Section 60 – when a genuine dispute is not enough


CASE SUMMARY: District Court Number [2017] WADC 12, Regis Aged Care P/L v Hunter

On 13 January 2017 Parry DCJ in the District Court delivered the reasons for decision in an appeal by the employer, Regis Aged Care P/L against an arbitrator’s dismissal of an application brought by the employer pursuant to s60 of the Workers’ Compensation and Injury Management Act.

The worker, Ms Hunter was an enrolled nurse who sustained a hip injury in the course of her employment on 28 June 2013.

Mrs Hunter was ultimately able to return to work on a part-time basis, however in May 2016 Regis contended that there was a genuine dispute as to liability based upon the failure of Ms Hunter to mitigate her loss. Regis had offered Ms Hunter the opportunity to train as a phlebotomist but she had declined this invitation on the basis that she wished to continue to be employed as an enrolled nurse.

Regis issued a s60 application on the basis that the worker’s decision gave rise to a genuine dispute as to liability to make weekly payments.

In dismissing the application, the arbitrator made reference to the State of Western Australia (Department of Education) v Leak [2014] WADC 10, to support the proposition that an application pursuant to s60 would not be competent if the circumstances giving rise to the application were such as to enable an employer to either issue a s61 notice or to bring a s62 application.

In the appeal by Regis, Parry DCJ considered the principles applicable to this dispute derived particularly from the decision of the Court of Appeal in Taylor v Star Broken Meats, library number 920434, 26 August 1992, and the Leak case.

In Leak, His Honour Staude DCJ made it clear that the point of s60 was to establish whether or not there was a genuine dispute and this did not require the arbitrator to focus on the merits of the employer’s grounds.  In fact, His Honour made the statement that

These authorities to which I have referred make it clear that the Arbitrator does not look behind the declared attitude of the employer provided it is sincere and serious and that the grounds of the dispute are not frivolous”.

On the other hand, it was necessary for an employer to establish that a s60 application was appropriate in the circumstances. The Court of Appeal decision in Star Broken Meats was relevant here.  Parry DCJ observed that

On the proper interpretation of the legislative scheme comprising Section 60 and Section 61, as determined by the Full Court in Star Broken Meats, an application could not properly be brought by Regis under Section 60 in circumstances where the substance of the dispute falls within the scope of Section 61 of the Workers’ Compensation and Injury Management Act”.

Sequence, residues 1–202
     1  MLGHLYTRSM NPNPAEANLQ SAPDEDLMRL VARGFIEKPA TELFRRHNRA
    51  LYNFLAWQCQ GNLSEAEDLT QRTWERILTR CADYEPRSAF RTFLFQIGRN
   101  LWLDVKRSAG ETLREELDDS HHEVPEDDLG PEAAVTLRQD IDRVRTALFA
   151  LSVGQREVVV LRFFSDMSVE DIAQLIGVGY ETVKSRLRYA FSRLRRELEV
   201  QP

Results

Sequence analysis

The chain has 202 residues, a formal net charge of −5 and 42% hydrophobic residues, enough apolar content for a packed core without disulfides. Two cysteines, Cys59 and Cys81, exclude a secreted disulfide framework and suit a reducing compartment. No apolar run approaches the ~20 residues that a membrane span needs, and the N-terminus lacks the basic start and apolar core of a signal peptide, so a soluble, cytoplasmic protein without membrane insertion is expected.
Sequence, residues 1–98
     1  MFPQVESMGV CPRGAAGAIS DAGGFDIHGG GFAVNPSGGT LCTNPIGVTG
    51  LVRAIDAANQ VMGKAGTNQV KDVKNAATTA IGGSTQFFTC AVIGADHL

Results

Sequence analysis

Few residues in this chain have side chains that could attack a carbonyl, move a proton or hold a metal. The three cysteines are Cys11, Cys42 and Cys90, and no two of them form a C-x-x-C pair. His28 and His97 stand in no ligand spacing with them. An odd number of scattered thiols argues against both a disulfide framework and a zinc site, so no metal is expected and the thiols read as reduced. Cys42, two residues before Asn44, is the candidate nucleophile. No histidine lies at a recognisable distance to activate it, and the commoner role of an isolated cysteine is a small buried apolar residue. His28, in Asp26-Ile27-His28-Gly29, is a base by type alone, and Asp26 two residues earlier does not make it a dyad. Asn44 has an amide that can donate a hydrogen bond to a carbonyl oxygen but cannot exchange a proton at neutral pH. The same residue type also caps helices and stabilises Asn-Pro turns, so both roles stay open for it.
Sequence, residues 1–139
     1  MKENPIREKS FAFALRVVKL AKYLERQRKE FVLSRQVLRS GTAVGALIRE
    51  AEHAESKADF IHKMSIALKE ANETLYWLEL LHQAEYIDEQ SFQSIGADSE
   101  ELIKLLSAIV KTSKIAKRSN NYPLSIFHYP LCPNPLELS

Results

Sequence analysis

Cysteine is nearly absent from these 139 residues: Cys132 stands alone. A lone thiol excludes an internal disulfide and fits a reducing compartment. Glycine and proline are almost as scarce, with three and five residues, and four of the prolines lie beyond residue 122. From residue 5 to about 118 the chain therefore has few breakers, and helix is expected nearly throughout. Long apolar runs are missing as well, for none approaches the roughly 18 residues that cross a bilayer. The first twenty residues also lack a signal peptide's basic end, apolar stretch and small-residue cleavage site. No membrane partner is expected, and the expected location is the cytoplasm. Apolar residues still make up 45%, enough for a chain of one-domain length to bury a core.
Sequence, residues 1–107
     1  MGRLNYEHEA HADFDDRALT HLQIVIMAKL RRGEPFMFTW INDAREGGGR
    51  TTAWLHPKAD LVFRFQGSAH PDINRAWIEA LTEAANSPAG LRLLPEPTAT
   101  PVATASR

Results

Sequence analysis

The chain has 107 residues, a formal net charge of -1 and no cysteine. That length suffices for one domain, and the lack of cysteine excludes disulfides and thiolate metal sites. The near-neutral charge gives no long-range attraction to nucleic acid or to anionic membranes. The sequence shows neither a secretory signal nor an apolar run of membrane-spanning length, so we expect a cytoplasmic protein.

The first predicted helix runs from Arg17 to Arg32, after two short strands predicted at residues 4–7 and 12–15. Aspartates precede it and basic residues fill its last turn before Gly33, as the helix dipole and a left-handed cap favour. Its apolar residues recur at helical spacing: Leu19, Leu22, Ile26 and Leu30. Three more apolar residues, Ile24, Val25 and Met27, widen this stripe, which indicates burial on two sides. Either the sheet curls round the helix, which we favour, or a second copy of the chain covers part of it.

Her Honour found that although leave to appeal was to be granted, the Appeal should be dismissed on the grounds that the employer’s application was not competent under s60.

To the extent that the decision of Staude DCJ in Leak may have encouraged insurers to look more broadly at the possibilities of issuing a s60 application in preference to seeking relief under s61 or s62, this decision might be seen as re-emphasising the limits that need to be observed. Before the Leak decision, the general view derived from Star Broken Meats was that s60 would generally be applicable to a different subject matter than that which would give rise to potential relief under s61 or s62. Leak on the other hand reiterated the fact that s60 was not concerned with assessment of merits so much as the identification of a genuine dispute. It did not appear to preclude circumstances in which the dispute concerned incapacity.  In Regis v Hunter, we are reminded that a s60 application will not be likely to succeed if, for example, a gloss is put on the relevance of s61 and s62 based upon the proposition that a worker has failed to mitigate loss. Failure to mitigate is of course important, but will not displace the application of ss61 or 62 if they are appropriate to, and better address the substance of the relief sought.

Conclusion

This decision may not change any existing practices, but when in doubt, should be worth considering on the issue of the competency of a potential application under s60.

Of course, while this decision may be instructive, we are still left, in dealing with s60, with a cumbersome, two stage procedure, not reflecting the original intent of the provision.

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